Victims of a microscopic parasite in water supplies in Devon have described the terrible symptoms of their illness - as experts say the contamination is likely to last at least a week.

At least one school has been forced to close, hundreds of people say they have suffered symptoms and residents are being told only to drink boiled water.

South West Water (SWW) said the parasite cryptosporidium had been found in the water in Brigham on Wednesday, despite the firm previously telling residents the water was safe.

SWW issued a ‘boil water’ notice to around 16,000 households and businesses in the area. People are advised not to use their tap water for drinking or washing without boiling and cooling it first.

The company has now confirmed that residents will get £115 rather than just £15 initially offered as a "sorry for the stress and worry the situation has caused".

Read more: What is cryptosporidium, the parasite that's given people in Devon 'the worst illness ever'?

People in Brixham, Boohay, Kingswear, Roseland and north-east Paignton in Devon were all told to boil water as a precaution - including when drinking it or using it to cook with and brush teeth.

Residents were being given bottled water at special sites yesterday.

South West Water handing out emergency rations of bottled water to anyone affected by the Cryptosporidium outbreak in Torbay
South West Water handing out emergency rations of bottled water to anyone affected by the Cryptosporidium outbreak in Torbay. Picture: Alamy

One holidaymaker to the area told LBC: “I was on holiday last week in Paignton and I suffered severe stomach cramps, vomiting and diarrhoea.

A man filled his trolley with bottled water at a supermarket in Devon
A man filled his trolley with bottled water at a supermarket in Devon. Picture: Social Media

“I didn’t have a clue how this could’ve happened as none of my family got ill and i was poorly majority of the holiday.

“I am assuming it is from drinking water from the tap.”

Other locals who believe they have been struck down by the parasite have told of severe stomach cramps, dehydration, high fevers and 'explosive diarrhoea’.

Retiree Kathy Hudson, 67, told MailOnline: “I have been ill since last week with cramps, diarrhoea, sickness and dizziness. My daughter-in-law has also got ill.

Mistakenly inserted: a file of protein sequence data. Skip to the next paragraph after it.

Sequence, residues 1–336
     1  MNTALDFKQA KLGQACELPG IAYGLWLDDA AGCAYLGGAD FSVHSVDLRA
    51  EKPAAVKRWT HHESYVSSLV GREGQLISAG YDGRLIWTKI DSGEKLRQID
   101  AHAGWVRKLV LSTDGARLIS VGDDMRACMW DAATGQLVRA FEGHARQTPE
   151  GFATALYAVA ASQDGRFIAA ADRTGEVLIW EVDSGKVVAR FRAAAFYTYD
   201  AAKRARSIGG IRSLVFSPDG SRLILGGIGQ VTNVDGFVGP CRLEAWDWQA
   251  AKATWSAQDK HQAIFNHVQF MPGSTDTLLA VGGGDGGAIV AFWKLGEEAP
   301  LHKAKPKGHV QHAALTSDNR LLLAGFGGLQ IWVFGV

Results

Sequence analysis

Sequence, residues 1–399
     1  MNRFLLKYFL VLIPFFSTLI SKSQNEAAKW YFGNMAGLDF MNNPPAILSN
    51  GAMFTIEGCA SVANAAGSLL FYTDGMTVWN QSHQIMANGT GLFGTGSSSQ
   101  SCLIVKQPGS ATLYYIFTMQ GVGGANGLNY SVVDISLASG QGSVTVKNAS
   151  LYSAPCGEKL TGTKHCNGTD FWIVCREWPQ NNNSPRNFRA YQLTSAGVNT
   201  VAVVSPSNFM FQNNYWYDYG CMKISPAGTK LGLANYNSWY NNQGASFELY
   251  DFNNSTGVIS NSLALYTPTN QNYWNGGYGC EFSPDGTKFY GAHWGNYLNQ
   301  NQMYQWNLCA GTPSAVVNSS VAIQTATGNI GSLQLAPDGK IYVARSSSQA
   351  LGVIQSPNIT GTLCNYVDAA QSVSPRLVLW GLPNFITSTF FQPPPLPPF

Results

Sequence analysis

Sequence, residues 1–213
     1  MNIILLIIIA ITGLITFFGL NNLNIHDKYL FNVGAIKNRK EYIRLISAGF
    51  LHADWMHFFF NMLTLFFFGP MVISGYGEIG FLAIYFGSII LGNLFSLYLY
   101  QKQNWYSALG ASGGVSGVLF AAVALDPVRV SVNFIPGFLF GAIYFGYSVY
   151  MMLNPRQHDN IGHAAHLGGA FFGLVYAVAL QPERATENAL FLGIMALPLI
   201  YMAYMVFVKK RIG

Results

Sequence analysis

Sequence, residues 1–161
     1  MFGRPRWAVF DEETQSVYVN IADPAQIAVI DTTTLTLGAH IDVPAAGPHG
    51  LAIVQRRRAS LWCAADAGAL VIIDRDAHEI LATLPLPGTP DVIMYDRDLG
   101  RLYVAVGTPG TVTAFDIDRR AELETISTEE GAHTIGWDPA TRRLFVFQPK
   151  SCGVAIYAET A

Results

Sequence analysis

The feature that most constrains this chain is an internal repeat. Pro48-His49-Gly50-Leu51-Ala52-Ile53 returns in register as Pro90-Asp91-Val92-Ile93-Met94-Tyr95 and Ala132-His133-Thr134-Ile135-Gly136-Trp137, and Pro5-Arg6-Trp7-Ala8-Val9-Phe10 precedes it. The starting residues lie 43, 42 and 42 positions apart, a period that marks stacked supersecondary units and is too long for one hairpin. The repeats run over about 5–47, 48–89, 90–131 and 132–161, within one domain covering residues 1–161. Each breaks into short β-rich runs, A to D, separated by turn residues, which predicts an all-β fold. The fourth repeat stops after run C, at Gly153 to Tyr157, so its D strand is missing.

Water mass-distributed in Devon

“I don’t want to know what is in the water I have been drinking but now they are saying not to wash your hands, can you shower? What’s it going to do to you?”

Prof Paul Hunter, a specialist in microbiology and infectious disease, said cases would continue to climb even after the source was found.

He said: "It's difficult to know how big these outbreaks turn out to be and it depends on whether the contamination event is a very short lived thing.

"The difficulty here is that cryptosporidium can take up to about 10 days before you become ill, so even if they stop the infection today we'd still see new cases occurring for at least another week to 10 days."

She said people have been panic-buying bottled water.

Eden Park primary School said it would be closing today as it could not safely open for students without clean drinking water. They issued a statement last night: "Eden Park Primary School were only informed this afternoon (15/5/24) that the school was in an area where the tap water should be boiled.

"The school have taken swift action to put safety plans in place and contact the appropriate authorities about providing safe drinking water.

"At the time of writing this update (7.30pm), and despite repeated calls to South West Water about the urgency of the situation, the school has not received any bottled water or assurances of when water will be delivered. To enable parents and carers to make childcare plans for the morning, leaders have made the difficult decision to close the school tomorrow, Thursday 16th May.”